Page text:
The above passage intrigues me. I agree and disagree at the same time. I totally get what Charlotte is saying here and in theory she has many good points. However, my dyslexic kiddo would never read or spell if I solely relied on the sight method of teaching him because of the irregular patterns in English. I believe in phonics teaching over the sight method.
Charlotte always taught spelling in context, again using good literature. First the children looked at words and recreated them, "word-making" as she called it. Then the children did 5-10 minutes of copywork, eventually transitioning into transcription of longer passages. Finally, Charlotte used prepared dictation to teach spelling.
Steps of a Dictation Lesson. - Dictation lessons, conducted in some such way as the following, usually result in good spelling. A child of eight or nine prepares a paragraph, older children a page, or two or three pages. The child prepares by himself, by looking at the word he is not sure of, and then seeing it with his eyes shut. Before he begins, the teacher asks what words he things will need his attention. He generally knows, but the teacher may point out any word likely to be a cause of stumbling. He lets his teacher know when he is ready. The teacher asks if there are any words he is not sure of. These she puts, one by one, on the blackboard, letting the child look till he has a picture, and then rubbing the word out. If anyone is still doubtful he should be called to put the word he is not sure of on the board, the teacher watching to rub out the word when a wrong letter begins to appear, and again helping the child to get a mental picture. Then the teacher gives out the dictation, clause by clause, each clause repeated once. She dictates with a view to the pointing, which the children are expected to put in as they write; but they must not be told 'comma,' 'semicolon,' etc. After the sort of preparation I have described, which takes ten minutes or less, there is rarely an error in spelling. If there be, it is well worth while for the teacher to be on the watch with slips of stamp-paper to put over the wrong word, that its image may be erased as far as possible. At the end of the lesson, the child should again study the wrong word in his book until he says he is sure of it, and should write it correctly on the stamp-paper. - Charlotte Mason (Vol. 1, Home Education, p 241-242)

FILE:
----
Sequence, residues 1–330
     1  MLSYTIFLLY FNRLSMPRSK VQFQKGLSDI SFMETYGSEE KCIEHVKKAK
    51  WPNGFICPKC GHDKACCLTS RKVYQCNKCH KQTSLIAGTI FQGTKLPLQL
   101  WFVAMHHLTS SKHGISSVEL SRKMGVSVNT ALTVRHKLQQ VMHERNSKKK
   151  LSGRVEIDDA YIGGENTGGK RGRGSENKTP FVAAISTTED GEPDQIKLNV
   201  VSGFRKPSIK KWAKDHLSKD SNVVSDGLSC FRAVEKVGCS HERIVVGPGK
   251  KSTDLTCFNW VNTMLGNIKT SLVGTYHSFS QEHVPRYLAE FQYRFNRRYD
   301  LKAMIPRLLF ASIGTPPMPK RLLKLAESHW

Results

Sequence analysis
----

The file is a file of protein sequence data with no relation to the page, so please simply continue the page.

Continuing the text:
I did try prepared dictation last year with RileyAnn and it was much more successful than I thought it might be. I do plan to continue at some point with her.
Lastly, I want to touch briefly on grammar...
Grammar a Difficult Study. - Of grammar, Latin and English, I shall say very little here. In the first place, grammar, being a study of words and not of things, is by no means attractive to the child, nor should be hurried into. English grammar, again, depending as it does on the position and logical connection of words, is peculiarly hard for him to grasp. In this respect the Latin grammar is easier; a change in form, the shape of the word, to denote case, is what a child can see with his bodily eye, and therefore it's plainer to him than the abstract ideas of nominative and objective case as we have them in English. Therefore, if he learns no more at this early stage than the declensions and a verb or two, it is well he should learn thus much, if only to help him to see what English grammar would be at when it speaks of a change in case or mood, yet shows no change in the form of the word. - Charlotte Mason (Vol. 1, Home Education, p 295)
Charlotte postponed grammar until around age ten. She used a text book for teaching. Then followed with living books/literature for practice. Charlotte was very straight forward in her teaching of grammar as she believed grammar was abstract knowledge, which is difficult for young minds. She talked specifically about being careful not to dumb down the lessons. In fact, she said....
But a child cannot dream parts of speech, and any grown-up twaddle attempting to personify such abstractions offends a small person who with all his love of play and nonsense has a serious mind. - Charlotte Mason (Vol. 6, A Philosophy of Education, pg 210)
Hopefully, I've given you some food for thought regarding teaching language arts using Charlotte's methods. For further interest, a while back, I posted some notes regarding Ruth Beechick's philosophy on teaching reading here and writing here.